I can vividly remember the first time I read something about myself online. I was in my first week as the weekend sports anchor at WIS in Columbia, SC. This was my second job, but my first with a regular anchor shift at a #1 station.
There was an entire thread on a local fan site devoted to me and boy it wasn’t pretty. “Who is the new girl on WIS?”…”Why can’t we have a HOT woman if we have to have a woman doing sports at all?”…”I’ve seen her. Looks like WIS hired an ugly mancow.”…Ugly. MAN. COW. Can’t make this stuff up…
Today I laugh about this. At the time, it was very hurtful. I made the mistake of taking what random people were saying on the internet to heart. As hard as it is, you HAVE to ignore this crap.
In an age of facebook, twitter and e-mail, it’s easier than ever for a viewer to send you a nastygram. People lose their minds on the internet and lose sight of the fact they are talking about human beings. You have to remember that whenever you read something hurtful about yourself.
(You should also remember that when you read something nice about yourself. Take that with a grain of salt too.)
Here are a few tips for dealing with this kind of thing:
-Respond to the person. It’s amazing how people react when they realize you are actually a PERSON and not a robot reading the news. If they hated your dress or your tie, be really nice and thank them for the suggestion and thank them for being a loyal viewer. Can’t tell you how many times I have written “Thanks for watching!” when I really meant something else. This can also make you feel better because often times they will write back with some sort of weak apology or they will be really excited you responded in the first place.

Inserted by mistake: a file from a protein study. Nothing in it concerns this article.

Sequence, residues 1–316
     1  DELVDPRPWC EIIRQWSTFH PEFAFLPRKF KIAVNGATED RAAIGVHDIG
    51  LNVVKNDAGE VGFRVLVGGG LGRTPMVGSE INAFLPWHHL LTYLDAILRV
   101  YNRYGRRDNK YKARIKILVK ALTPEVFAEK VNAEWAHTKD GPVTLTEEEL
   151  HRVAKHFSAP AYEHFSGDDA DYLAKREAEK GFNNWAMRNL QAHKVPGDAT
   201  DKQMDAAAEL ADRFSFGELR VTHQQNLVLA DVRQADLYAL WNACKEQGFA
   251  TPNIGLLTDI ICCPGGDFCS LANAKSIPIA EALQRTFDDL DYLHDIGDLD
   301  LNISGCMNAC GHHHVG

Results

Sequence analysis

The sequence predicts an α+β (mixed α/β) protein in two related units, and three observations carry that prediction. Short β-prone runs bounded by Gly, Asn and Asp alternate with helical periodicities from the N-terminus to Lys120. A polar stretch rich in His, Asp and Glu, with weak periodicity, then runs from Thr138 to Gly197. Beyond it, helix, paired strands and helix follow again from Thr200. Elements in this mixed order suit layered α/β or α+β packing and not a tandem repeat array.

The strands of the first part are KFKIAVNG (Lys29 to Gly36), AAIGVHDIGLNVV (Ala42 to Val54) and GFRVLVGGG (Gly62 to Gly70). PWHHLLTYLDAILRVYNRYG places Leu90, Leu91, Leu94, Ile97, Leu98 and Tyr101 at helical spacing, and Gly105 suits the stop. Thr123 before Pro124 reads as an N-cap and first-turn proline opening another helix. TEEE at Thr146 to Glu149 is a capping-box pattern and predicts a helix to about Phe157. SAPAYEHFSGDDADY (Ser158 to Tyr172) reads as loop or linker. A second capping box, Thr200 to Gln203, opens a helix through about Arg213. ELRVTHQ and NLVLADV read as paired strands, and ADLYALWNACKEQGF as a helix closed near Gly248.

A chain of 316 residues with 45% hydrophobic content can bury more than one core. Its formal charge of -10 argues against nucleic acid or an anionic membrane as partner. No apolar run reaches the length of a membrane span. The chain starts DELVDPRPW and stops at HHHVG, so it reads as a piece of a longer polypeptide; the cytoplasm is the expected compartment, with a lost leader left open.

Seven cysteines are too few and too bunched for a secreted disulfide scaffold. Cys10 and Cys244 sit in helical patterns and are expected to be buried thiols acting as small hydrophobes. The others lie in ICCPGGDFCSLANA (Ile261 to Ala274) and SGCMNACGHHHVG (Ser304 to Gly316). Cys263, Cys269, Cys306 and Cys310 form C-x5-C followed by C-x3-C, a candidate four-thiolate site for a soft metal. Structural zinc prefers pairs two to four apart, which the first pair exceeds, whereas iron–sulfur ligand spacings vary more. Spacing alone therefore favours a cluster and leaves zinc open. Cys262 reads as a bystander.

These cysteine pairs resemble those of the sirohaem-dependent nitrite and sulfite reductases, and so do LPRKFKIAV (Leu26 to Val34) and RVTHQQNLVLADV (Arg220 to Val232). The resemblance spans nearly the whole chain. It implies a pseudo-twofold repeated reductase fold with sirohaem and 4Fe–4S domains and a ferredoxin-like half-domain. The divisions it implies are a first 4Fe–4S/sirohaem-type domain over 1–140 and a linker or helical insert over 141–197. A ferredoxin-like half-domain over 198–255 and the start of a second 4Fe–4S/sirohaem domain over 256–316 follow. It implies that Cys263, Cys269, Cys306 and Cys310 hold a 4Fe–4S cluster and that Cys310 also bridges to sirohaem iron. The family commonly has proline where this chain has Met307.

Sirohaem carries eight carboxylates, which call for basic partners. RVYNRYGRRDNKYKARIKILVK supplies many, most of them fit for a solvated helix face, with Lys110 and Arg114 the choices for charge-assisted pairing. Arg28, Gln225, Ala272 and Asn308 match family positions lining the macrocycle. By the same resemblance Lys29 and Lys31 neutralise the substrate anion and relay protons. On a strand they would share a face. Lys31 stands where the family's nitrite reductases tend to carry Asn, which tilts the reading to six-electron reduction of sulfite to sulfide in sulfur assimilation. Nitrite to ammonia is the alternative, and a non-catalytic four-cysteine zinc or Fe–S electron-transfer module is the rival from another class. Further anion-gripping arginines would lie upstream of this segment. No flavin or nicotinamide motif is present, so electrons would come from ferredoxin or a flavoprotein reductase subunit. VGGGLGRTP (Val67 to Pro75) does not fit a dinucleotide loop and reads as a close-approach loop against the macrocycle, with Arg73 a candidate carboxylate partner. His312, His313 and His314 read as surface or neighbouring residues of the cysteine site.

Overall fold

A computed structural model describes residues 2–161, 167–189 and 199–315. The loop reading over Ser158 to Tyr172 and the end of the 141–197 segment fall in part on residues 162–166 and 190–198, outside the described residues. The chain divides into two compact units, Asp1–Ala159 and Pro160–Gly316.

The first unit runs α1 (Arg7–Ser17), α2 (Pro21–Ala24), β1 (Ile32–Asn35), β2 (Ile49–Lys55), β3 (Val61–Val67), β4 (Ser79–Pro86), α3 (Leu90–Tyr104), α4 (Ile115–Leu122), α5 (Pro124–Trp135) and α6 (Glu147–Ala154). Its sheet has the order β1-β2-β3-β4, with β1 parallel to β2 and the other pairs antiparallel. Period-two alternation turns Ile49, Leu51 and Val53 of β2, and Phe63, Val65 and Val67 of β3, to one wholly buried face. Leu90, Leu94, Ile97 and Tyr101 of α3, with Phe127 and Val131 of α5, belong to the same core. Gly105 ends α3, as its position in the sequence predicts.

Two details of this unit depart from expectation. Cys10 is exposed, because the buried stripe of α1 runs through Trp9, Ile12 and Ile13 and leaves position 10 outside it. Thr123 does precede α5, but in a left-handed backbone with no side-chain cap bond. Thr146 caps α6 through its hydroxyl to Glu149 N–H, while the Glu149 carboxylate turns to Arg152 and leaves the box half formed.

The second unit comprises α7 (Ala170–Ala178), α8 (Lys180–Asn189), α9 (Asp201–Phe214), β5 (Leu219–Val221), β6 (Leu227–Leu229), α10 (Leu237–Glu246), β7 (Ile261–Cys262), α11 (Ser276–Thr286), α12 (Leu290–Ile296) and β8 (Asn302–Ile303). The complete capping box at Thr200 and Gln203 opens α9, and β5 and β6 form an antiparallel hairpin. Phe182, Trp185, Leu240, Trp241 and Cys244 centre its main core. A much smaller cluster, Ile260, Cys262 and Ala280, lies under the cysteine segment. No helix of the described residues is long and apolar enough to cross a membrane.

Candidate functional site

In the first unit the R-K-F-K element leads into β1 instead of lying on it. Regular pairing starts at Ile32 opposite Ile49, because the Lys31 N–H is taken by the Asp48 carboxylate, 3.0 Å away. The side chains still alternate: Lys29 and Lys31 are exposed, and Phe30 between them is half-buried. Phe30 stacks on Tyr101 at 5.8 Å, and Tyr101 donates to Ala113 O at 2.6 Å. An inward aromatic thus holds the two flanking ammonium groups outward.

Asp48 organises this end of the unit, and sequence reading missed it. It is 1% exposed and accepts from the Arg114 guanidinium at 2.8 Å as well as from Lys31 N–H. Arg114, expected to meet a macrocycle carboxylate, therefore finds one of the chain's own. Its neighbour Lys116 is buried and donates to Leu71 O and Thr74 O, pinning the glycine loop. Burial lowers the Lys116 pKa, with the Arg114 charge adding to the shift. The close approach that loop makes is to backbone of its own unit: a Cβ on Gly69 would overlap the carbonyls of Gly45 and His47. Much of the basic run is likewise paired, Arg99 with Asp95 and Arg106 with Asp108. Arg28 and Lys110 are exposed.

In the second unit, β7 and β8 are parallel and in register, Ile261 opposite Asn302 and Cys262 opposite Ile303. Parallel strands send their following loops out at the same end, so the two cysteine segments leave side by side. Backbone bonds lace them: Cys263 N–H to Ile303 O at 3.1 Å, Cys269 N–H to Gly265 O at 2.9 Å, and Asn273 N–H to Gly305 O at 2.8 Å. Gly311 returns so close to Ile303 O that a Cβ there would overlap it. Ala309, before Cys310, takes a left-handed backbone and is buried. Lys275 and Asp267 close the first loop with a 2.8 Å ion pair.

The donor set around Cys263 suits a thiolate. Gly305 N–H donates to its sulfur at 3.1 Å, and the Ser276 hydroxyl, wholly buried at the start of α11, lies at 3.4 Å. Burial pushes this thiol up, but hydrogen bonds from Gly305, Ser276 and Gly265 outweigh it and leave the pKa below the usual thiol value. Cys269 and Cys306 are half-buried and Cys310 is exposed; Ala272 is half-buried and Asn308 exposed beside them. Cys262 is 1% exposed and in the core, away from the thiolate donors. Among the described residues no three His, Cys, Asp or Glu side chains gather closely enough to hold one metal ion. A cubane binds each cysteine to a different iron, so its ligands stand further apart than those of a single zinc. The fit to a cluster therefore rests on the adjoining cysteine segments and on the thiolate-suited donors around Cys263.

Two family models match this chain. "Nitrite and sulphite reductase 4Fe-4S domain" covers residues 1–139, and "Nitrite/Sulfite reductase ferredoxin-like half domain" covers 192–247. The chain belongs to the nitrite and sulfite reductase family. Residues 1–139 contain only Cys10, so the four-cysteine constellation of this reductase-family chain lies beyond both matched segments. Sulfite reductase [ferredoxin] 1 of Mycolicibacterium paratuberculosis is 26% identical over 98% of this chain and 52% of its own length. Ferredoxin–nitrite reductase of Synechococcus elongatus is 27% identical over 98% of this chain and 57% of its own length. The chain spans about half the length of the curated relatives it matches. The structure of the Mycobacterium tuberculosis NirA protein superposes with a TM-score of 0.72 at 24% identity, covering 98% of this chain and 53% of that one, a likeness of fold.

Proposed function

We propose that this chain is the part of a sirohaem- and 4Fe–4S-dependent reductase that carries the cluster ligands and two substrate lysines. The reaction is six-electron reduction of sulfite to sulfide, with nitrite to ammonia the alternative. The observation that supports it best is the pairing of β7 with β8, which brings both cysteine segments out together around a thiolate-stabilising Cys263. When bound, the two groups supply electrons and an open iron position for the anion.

-Print out the email or the nasty post and save it for later. It’s hard to just ignore this stuff, so print it for a laugh in 5 years. Show it to your friends who will likely laugh now. Having a good laugh and realizing how absurd something is can really help you feel better about a ridiculous insult.
-Do not google yourself or read the comment section on your website. Unless you are looking for news tips, you should always avoid the comment section. I once did a story about a little kid with cancer and the comment section turned into – a debate about my looks. Delightful! It’s simply not worth your time or energy.
The main thing to remember is these people are usually pretty jealous of your millionaire paycheck and the limo you take to and from work each day. You are living the glamorous life they can only dream of!
They obviously don’t have a great grasp on THAT reality, so why should a comment about how you look/speak/dress mean a thing?